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I am thrilled with the way my trees were trimmed by PTS! Their natural shapes were retained and you don't drive up & say "well, those people just go their trees pruned." ” - Marilyn H.

Clear & Present Danger: Codominant Tree Trunks

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Our Certified Arborist, Ken Smith, recently visited a property to inspect a large tree. It’s a good thing he was called out because this tree’s co-dominant trunks could pose a real danger in the near future. One strong wind or ice storm could be all it takes to rip this tree apart. In this situation, sturdy cabling will be required support the union of these two large codominant trunks.

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What is a codominant trunk?

A codominant trunk is a tree that has two, or even three, equally strong trunks that join in the middle. Over time, as the tree grows and each side becomes heavy, the tree is weakened at the point where the trunks join. The wood grain presses together instead of intertwining. Eventually, this tree may split down the middle with devastating results; it could fall on a home, car or even a person walking by.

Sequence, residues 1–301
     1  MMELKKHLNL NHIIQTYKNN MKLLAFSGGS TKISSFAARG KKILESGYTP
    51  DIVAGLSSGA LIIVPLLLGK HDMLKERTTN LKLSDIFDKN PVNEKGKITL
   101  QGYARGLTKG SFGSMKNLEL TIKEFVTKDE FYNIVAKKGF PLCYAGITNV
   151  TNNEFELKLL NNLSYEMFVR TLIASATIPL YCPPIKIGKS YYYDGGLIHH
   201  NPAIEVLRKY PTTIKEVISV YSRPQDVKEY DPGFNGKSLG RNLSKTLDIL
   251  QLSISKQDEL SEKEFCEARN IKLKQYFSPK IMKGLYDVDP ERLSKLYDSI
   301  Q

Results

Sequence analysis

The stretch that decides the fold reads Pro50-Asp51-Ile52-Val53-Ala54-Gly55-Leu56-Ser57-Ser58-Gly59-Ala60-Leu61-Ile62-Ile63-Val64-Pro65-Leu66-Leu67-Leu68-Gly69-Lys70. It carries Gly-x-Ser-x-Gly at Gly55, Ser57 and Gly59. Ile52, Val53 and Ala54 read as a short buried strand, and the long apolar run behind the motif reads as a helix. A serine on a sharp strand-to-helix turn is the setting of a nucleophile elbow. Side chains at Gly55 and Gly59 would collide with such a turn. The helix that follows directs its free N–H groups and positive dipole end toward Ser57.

When codominant trunks exist, there are a number of factors that can cause them to fail and split; the most common is improper pruning or thinning that leave the outer limbs ends heavy. With too much weight at the ends of branches, it might only take one good gust of wind to pull the tree apart.  It’s easy to look at such a tree and say “I’ll fix it later”. However, “later” can come at any time, causing you to lose not only the tree, but additional property as well.

How do we correct  codominant trunks?

Sometimes, a tree with codominant trunks will need to be removed; but if we can save it, we will! Avoiding disasters like this tree that split in half last year is always our goal. For trees with codominant trunks, cabling is typically required.  For the tree pictured, we will install an American National Standards Institute (ANSI) approved cable to support the codominant trunks. We’ll attach a flexible steel cable between the branches to limit excessive limb motion and reduce stress on the branches.

When the last major ice storm of 2013 came through Dallas, we saw a lot of trees damaged because of codominant trunks and poor pruning. Large established trees can’t be replaced; preserving your tree with good quality cabling is well worth the cost!

 



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Posted: November 10, 2014